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The combination of less positive and more negative expectations for the future (i.e., lower optimism and higher pessimism) increases risk for disease and early mortality. We tested the possibility that expectancies might influence health outcomes by altering the rate of biological aging, specifically of the immune system (immunosenescence). However, no studies to date have examined associations between optimism or pessimism and indicators of immunosenescence such as leukocyte telomere length (TL) and interleukin-6 (IL-6) levels. We investigated whether dispositional tendencies towards optimism and pessimism were associated with TL and IL-6 in a sample of 36 healthy post-menopausal women. Multiple regression analyses where optimism and pessimism were entered simultaneously, and chronological age and caregiver status was controlled, indicated that pessimism was independently associated with shorter TL (β = −.68, p =.001) and higher IL-6 concentrations (β =.50, p =.02). In contrast, optimism was not independently associated with either measure of immunosenescence. These findings suggest that dispositional pessimism may increase IL-6 and accelerate rate of telomere shortening. Mechanistic causal relationships between these parameters need to be investigated.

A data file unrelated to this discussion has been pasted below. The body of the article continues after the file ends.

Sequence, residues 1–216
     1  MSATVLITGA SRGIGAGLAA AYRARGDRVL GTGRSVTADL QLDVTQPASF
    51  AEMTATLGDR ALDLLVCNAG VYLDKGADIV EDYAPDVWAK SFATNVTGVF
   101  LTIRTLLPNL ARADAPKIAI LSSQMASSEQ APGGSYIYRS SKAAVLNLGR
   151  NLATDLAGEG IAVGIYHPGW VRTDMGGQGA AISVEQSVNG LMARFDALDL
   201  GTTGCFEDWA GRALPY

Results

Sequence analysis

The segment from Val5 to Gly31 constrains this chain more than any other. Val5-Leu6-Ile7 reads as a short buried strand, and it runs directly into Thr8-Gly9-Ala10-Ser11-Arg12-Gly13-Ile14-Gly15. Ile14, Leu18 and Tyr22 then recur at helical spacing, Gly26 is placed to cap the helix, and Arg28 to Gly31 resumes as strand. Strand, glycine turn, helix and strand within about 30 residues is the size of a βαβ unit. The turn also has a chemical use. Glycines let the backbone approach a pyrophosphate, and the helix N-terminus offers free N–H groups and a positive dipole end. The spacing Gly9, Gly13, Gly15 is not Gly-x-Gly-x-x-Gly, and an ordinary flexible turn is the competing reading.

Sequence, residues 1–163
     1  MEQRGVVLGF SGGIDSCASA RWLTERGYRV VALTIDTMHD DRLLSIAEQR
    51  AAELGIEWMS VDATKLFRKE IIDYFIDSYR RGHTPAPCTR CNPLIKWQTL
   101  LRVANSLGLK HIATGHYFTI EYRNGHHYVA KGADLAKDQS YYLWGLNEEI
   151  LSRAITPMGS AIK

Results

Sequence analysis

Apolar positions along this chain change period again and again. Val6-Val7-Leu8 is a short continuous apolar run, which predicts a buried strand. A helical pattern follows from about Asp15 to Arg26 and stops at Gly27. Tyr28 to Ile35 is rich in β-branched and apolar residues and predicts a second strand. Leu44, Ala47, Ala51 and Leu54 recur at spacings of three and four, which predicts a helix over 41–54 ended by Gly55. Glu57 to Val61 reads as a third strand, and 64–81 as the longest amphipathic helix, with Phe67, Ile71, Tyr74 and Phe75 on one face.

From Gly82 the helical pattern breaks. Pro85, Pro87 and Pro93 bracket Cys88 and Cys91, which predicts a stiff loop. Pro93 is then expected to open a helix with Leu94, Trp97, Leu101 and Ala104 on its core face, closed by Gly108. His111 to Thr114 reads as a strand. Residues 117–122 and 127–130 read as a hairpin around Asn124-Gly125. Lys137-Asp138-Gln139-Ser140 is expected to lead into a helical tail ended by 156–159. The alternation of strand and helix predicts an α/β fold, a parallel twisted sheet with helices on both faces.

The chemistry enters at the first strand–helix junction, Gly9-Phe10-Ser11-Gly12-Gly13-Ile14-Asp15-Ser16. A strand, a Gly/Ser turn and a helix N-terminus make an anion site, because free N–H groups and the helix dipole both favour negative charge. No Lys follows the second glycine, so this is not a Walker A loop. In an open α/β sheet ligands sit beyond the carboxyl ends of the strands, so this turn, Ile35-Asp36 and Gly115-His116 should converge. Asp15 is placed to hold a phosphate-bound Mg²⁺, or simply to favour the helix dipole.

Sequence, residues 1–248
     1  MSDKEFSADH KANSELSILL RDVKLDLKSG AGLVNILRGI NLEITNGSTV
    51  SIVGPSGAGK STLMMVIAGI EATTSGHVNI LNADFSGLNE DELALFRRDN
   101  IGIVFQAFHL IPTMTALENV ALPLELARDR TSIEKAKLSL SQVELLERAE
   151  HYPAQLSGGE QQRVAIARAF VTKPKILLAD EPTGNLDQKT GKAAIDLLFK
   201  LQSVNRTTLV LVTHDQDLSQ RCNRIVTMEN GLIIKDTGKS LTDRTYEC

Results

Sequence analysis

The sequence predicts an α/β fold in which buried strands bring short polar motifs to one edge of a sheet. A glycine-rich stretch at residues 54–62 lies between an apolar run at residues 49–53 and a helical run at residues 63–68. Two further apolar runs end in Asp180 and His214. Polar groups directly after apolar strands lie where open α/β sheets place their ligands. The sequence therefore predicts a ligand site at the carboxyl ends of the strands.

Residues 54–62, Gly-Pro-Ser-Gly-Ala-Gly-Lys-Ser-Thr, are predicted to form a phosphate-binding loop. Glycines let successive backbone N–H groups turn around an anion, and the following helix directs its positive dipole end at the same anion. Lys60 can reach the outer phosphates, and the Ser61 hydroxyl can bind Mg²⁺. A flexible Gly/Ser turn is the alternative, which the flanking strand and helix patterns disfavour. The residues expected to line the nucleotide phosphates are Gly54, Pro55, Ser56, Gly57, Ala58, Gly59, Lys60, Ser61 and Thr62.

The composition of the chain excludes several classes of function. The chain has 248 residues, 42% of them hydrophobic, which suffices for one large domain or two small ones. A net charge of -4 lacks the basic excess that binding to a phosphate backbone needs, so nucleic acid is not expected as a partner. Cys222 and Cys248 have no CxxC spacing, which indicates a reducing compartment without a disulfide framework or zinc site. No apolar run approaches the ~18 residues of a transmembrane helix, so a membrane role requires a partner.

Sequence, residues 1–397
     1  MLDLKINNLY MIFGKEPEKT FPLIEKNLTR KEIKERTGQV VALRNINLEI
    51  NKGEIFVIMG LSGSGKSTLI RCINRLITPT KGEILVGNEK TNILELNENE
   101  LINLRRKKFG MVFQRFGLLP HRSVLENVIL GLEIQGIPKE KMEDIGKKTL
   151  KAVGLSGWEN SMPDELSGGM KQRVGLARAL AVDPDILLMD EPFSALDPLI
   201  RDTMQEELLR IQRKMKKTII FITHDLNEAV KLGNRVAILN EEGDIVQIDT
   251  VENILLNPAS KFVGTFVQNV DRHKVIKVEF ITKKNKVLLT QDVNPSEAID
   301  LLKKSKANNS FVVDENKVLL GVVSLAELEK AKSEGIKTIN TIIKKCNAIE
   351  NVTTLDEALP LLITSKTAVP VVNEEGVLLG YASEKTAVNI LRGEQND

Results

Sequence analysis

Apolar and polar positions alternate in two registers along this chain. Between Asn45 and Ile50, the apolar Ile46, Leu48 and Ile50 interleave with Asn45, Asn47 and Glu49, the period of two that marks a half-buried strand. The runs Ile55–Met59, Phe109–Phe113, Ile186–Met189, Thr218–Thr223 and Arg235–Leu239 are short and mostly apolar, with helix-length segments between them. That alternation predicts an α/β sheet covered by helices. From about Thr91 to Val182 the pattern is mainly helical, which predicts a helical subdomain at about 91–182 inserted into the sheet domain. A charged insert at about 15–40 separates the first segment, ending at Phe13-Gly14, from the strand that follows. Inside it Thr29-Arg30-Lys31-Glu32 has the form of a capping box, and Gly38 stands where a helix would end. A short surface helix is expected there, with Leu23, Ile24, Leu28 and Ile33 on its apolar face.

Expecting less positive and/or more negative outcomes in the future (i.e., lower optimism and/or higher pessimism) is associated with faster progression of diseases of aging (Allison et al., 2003; Matthews et al., 2004) and earlier mortality (Giltay et al., 2006), but the mechanisms underlying this association have been elusive. Immunosenescence (aging of the immune system) has been implicated in health defects associated with aging, including susceptibility to infectious disease, diseases of aging, and earlier mortality (Effros, 2004). Telomeres, consisting of repetitive DNA sequences complexed with proteins, cap chromosome ends and protect against chromosomal damage (Blackburn, 2001). Human population studies show a general decline of leukocyte telomeric DNA length (TL) with age, suggesting that leukocyte telomere shortness may serve as an indicator of immunosenescence (Effros, 2004).